Hands On

Introduction Video of Kitui

Background Hands on Kitui video

Introduction to Kitui

Just two years ago, the area of Kitui in Kenya was arid and barren. The reservoir of the great Musosya dam was not filled by water, but sand and silt.

But the people of Kitui had a plan. Find out how they got Hands On with CAFOD supporters to bring water back to their community.

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Who's who?

Who's who?

Stella

Kitui resident

Two years ago Stella and her family had no choice but to walk hours to collect river water that often carried disease:

“To fetch water, we have to walk five kilometres to the river. By the time I get home, I’m exhausted. I fetch water three times a day but this is usually not enough, so my eight-year-old son Amos also has to collect water from the river. The water is not safe for drinking and some people can even die drinking it. Sometimes I think God has abandoned us. But you cannot blame God, so we adapt to the situation.”

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View Stella's video to find out more.

Who's who?

Mike

Hands On supporter

Mike is one of 1,700 Hands On supporters in England and Wales who were all inspired to sign up to give a monthly donation to the water project:

“Here in the UK we have an over-plentiful supply of water, but people in Kenya have such little water to work with. Clean water is vital – that’s why I signed up to help. Hands On is a very good idea, as the community in Kitui are helping themselves and I’m able to do my bit too. I am helping someone, somewhere, in a place I can’t dream of seeing.”

Hands On supporters in England and Wales followed the community's progress in Kitui, while sending vital donations, encouragement and prayers. Read some of the postcards from our Hands On supporters.

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Who's who?

George

CAFOD water specialist

George worked on the Hands On project from the planning stages, back when the reservoir of the great Musosya dam was full of sand and silt:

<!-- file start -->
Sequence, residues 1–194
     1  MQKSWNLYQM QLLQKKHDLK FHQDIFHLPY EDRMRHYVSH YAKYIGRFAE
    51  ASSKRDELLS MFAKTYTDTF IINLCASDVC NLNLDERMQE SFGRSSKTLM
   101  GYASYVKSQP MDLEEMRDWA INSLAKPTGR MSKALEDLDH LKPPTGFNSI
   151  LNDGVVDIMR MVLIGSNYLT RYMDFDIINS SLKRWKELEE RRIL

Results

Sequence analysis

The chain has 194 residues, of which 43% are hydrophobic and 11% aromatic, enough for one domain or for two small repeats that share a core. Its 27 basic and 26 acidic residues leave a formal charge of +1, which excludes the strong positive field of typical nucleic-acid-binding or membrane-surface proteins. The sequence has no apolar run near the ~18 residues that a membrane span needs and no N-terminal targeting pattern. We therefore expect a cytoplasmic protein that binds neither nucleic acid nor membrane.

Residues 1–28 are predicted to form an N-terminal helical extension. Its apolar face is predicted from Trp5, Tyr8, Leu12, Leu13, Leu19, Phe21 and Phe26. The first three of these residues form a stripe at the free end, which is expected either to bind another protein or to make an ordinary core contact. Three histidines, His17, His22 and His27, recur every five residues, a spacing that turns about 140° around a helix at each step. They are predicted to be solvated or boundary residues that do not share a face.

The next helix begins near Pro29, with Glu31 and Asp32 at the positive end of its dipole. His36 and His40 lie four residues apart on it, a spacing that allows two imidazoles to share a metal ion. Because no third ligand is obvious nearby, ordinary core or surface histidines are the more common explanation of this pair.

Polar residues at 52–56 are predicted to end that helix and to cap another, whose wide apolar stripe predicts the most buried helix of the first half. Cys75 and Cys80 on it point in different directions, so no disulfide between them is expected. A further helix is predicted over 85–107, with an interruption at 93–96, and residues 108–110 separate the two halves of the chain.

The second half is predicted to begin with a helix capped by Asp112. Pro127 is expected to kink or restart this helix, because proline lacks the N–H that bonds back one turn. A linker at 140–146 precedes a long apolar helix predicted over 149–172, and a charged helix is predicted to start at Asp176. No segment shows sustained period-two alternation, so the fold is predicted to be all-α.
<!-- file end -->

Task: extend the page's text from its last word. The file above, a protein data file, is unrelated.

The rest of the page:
“The community currently have huge challenges getting enough water to drink and for their crops, so we are planning an ambitious project. In just 24 months we’re going to restore the great Musosya dam. This dam will be more successful than the previous dam because this time the community will also be taught how to dig terracing, construct small dams and plant vegetation, which are all crucial to the success of the main dam.”

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Shaping the land

Shaping the land

Hands On Kitui Introduction

For two years, the people of Kitui worked hard to transform their landscape.

Explore Kitui, by selecting the labels next to the map, to find out how Stella and her neighbours brought water back to their community. Find out more below about how the landscape of Kitui has been changed.

Main dam

Main dam

Before, the catchment area for the main dam.

At the beginning of the project, George and his team dug a three-metre test pit at the dam site to see if any water was held beneath the soil. But it was completely dry. Over the course of two years, new trees and vegetation have been planted, terraces and sand dams dug to encourage water to seep into the soil, and a huge amount of soil and silt removed from the reservoir. Now, even at the driest periods of the year, the reservoir still holds water.

After, the results of changing the landscape.

Shaping the land

Terracing

Terracing

Terraces help to retain rainwater where it is needed, and also prevent the rich and fertile topsoil being washed into the dam during the rainy season. The community in Kitui dug more than 1,700 metres of terracing around the dam site and also on their own farms.